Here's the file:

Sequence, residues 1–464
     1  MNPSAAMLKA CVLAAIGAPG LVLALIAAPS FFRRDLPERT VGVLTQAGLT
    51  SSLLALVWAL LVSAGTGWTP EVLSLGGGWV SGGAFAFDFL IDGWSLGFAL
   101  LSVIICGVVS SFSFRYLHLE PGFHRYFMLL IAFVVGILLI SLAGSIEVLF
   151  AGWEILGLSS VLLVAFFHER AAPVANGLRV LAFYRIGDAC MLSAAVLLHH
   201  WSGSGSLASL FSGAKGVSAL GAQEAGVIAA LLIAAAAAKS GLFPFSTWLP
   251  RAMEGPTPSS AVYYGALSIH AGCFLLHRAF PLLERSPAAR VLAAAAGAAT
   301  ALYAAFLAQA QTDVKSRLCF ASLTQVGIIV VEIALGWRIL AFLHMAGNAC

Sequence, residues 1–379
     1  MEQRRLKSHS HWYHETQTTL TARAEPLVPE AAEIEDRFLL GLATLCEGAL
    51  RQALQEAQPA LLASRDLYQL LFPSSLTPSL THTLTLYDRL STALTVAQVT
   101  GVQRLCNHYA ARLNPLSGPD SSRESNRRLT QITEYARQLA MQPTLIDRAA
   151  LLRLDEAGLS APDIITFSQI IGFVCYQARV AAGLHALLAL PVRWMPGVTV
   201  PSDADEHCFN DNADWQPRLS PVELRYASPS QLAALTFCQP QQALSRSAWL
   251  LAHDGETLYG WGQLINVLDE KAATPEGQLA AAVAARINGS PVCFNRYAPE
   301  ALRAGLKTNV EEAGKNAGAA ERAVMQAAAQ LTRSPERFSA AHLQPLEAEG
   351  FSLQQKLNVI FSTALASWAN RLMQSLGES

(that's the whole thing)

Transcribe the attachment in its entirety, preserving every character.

Sequence, residues 1–464
     1  MNPSAAMLKA CVLAAIGAPG LVLALIAAPS FFRRDLPERT VGVLTQAGLT
    51  SSLLALVWAL LVSAGTGWTP EVLSLGGGWV SGGAFAFDFL IDGWSLGFAL
   101  LSVIICGVVS SFSFRYLHLE PGFHRYFMLL IAFVVGILLI SLAGSIEVLF
   151  AGWEILGLSS VLLVAFFHER AAPVANGLRV LAFYRIGDAC MLSAAVLLHH
   201  WSGSGSLASL FSGAKGVSAL GAQEAGVIAA LLIAAAAAKS GLFPFSTWLP
   251  RAMEGPTPSS AVYYGALSIH AGCFLLHRAF PLLERSPAAR VLAAAAGAAT
   301  ALYAAFLAQA QTDVKSRLCF ASLTQVGIIV VEIALGWRIL AFLHMAGNAC

Sequence, residues 1–379
     1  MEQRRLKSHS HWYHETQTTL TARAEPLVPE AAEIEDRFLL GLATLCEGAL
    51  RQALQEAQPA LLASRDLYQL LFPSSLTPSL THTLTLYDRL STALTVAQVT
   101  GVQRLCNHYA ARLNPLSGPD SSRESNRRLT QITEYARQLA MQPTLIDRAA
   151  LLRLDEAGLS APDIITFSQI IGFVCYQARV AAGLHALLAL PVRWMPGVTV
   201  PSDADEHCFN DNADWQPRLS PVELRYASPS QLAALTFCQP QQALSRSAWL
   251  LAHDGETLYG WGQLINVLDE KAATPEGQLA AAVAARINGS PVCFNRYAPE
   301  ALRAGLKTNV EEAGKNAGAA ERAVMQAAAQ LTRSPERFSA AHLQPLEAEG
   351  FSLQQKLNVI FSTALASWAN RLMQSLGES